City Hall

Dallas Mayor Announces Hunger and Homelessness Awareness Week

Dallas will recognize a homeless awareness week amid charges of cracking down on those sleeping on the streets.
Dallas will recognize a homeless awareness week amid charges of cracking down on those sleeping on the streets. Blake Burkhart
On Wednesday, Dallas Mayor Eric Johnson will issue a proclamation declaring Hunger and Homelessness Awareness Week for Nov. 12–20.

Since 1975, communities and organizations around the country have used National Hunger and Homelessness Awareness Week to bring awareness to the twin problems affecting so many areas in the U.S.

“It is important to bring the public’s attention to the needs of our city’s most vulnerable residents,” Johnson said in a press release Tuesday. “Guiding individuals to exit homelessness can be very challenging. I am very proud of the many organizations and employees who serve our neighbors with patience, compassion and understanding.”

Earlier this year, the Dallas/Fort Worth-based advocacy group Housing Forward conducted an annual census of the homeless population in Dallas and Collin counties, counting nearly 4,000 in Dallas and around 400 in Collin.

Those numbers marked a decline compared with 2019, with family homelessness dropping by nearly 20% over the three-year period.

Nearly a third of the homeless population in the two counties was unsheltered during the 2022 count, and households with children made up more than 18% of the total tally.

“In addition to the many social service organizations that work tirelessly throughout the year to help those in need, some individuals take it upon themselves to serve our community,” City Manager T.C. Broadnax said in Tuesday’s release.

“I strongly encourage residents to contact nonprofit organizations who need volunteers and donations, particularly this time of year,” Broadnax added. “Working in partnership with an experienced group is the best way to help a neighbor in need.”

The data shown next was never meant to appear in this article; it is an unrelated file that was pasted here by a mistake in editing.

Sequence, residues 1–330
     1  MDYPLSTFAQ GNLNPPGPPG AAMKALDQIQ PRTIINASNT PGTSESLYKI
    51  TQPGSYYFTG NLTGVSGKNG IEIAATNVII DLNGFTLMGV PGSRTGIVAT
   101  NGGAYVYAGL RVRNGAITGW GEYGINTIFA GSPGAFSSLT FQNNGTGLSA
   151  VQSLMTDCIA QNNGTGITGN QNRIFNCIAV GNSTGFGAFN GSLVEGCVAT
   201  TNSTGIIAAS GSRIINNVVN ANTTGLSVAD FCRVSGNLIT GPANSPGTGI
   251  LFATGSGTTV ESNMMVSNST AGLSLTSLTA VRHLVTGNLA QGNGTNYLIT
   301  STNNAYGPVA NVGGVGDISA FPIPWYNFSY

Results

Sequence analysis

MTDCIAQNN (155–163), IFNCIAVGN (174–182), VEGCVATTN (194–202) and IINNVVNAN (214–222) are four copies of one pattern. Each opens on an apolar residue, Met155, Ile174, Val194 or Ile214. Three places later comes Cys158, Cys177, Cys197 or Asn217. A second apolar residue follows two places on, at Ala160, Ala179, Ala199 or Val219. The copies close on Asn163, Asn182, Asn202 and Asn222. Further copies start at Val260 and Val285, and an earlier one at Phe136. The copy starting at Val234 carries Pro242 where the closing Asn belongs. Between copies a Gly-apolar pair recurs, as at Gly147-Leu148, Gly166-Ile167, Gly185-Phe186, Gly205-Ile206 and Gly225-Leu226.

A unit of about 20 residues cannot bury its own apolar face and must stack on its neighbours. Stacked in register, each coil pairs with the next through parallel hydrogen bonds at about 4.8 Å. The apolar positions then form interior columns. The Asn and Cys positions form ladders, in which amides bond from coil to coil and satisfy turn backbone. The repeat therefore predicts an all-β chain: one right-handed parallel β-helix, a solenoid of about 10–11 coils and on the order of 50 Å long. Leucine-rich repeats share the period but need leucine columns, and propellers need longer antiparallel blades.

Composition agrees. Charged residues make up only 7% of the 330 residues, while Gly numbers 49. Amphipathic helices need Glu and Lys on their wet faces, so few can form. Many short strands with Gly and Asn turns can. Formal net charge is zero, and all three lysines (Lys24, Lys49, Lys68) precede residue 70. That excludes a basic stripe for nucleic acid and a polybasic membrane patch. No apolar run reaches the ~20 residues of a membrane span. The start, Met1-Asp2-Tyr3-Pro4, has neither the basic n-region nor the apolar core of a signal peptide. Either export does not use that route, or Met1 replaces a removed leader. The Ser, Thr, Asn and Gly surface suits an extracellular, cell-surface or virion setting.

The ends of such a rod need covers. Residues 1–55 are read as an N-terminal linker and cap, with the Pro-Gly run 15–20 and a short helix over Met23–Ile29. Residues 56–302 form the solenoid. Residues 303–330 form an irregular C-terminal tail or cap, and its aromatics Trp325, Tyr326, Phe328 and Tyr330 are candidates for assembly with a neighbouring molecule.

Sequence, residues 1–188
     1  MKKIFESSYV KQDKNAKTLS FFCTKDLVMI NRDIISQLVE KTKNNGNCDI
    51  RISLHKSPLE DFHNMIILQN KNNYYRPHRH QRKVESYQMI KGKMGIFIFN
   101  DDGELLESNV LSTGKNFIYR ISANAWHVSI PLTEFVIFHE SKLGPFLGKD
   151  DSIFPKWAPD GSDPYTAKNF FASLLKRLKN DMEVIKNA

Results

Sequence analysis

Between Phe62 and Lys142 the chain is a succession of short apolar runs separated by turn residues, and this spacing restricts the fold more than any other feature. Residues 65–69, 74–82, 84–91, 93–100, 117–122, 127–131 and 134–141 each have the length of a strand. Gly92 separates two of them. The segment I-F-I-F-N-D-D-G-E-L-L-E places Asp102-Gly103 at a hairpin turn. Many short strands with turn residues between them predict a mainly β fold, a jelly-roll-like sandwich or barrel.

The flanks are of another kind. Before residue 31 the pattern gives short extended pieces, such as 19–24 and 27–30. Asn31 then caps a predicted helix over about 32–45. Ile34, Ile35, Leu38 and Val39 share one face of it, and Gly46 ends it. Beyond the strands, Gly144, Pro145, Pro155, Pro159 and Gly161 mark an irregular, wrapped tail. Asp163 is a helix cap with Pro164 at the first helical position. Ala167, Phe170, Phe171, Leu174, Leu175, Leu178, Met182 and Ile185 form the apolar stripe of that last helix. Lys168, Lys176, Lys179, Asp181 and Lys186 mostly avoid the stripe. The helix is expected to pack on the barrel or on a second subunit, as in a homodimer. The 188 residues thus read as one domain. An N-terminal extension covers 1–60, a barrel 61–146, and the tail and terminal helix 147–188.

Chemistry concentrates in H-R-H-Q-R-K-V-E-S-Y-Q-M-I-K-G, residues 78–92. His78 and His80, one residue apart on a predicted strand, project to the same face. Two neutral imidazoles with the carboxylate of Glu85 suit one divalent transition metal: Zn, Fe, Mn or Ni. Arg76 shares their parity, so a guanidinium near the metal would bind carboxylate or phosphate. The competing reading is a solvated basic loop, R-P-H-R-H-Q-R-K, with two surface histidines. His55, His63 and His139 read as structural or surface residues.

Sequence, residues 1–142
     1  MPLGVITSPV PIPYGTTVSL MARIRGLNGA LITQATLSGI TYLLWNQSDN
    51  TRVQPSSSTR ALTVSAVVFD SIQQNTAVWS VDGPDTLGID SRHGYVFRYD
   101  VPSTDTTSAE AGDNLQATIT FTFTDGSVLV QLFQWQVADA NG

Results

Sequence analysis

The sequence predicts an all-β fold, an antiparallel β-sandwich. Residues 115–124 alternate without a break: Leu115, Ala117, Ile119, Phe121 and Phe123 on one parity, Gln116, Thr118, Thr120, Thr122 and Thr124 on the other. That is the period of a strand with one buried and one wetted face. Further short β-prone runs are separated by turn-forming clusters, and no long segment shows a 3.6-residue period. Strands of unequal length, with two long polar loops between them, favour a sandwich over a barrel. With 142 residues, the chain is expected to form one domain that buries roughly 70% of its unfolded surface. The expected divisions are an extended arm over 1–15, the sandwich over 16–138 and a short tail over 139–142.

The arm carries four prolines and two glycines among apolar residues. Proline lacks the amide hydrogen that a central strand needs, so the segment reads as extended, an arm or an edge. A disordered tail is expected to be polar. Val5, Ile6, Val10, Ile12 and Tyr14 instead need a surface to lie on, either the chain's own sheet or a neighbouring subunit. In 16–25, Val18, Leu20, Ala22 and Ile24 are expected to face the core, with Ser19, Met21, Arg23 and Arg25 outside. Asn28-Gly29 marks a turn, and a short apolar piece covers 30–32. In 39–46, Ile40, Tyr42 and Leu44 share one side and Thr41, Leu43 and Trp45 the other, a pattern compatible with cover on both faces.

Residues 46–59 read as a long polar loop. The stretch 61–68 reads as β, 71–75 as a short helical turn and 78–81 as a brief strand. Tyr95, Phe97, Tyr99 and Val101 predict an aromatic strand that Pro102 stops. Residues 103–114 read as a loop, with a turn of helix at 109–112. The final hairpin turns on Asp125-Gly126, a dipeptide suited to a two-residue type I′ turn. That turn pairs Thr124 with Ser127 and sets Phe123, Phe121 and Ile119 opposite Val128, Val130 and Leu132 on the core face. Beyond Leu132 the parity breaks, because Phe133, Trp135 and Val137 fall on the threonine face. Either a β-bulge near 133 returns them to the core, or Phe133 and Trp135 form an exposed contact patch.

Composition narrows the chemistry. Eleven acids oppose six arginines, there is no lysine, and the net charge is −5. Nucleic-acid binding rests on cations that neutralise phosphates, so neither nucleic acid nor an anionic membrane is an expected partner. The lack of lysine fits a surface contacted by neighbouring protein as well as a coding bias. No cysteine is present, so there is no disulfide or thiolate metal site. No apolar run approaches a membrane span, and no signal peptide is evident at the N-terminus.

Johnson’s proclamation comes not long after Dallas City Council passed an ordinance banning people from standing on medians less than 6 feet wide, a move largely seen as a crackdown on panhandlers.

Adam Bazaldua, the only City Council member to vote against the ordinance, has warned that the ordinance will lead to discriminatory enforcement, arguing that it contradicts the city’s efforts to deprioritize low-level offenses.

“Not only is it contradicting; it’s also counterproductive and will more than likely result in even more discriminatory enforcement than we saw with marijuana,” Bazaldua told the Observer late last month. “It was definitely taking steps backwards for our city, and I believe it to be regressive to work we were doing in the other direction.”

Earlier this year, as Dallas attempted to grapple with homelessness, city memos warned of armed activists at homeless encampments. “City employees have recently encountered resistance from activists and armed individuals at the site of homeless encampment clean-ups,” one memo said.

At the time, the Elm Fork John Brown Gun Club, one of the groups that had shown up armed at an encampment in July, told the Observer that “everyone possesses a right to defend their home from those who mean to harm them.”

“There are over 3,000 vacant homes in the city of Dallas, but the prioritization of the city has been handcuffs over housekeys,” the group said in a statement.

Last year, the Texas Legislature passed a statewide camping ban targeting homeless residents. The law, which went into effect in September 2021, made camping in a public space a class C misdemeanor that carries a fine of up to $500.

In Dallas, advocacy groups that work with the homeless population have said that the ban has made life worse for those living on the streets
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Patrick Strickland is the former news editor at the Dallas Observer. He's worked as a senior reporter at Al Jazeera English. His reporting has appeared in the New York Review of Books, The Guardian, Politico EU and The New Republic, among others.

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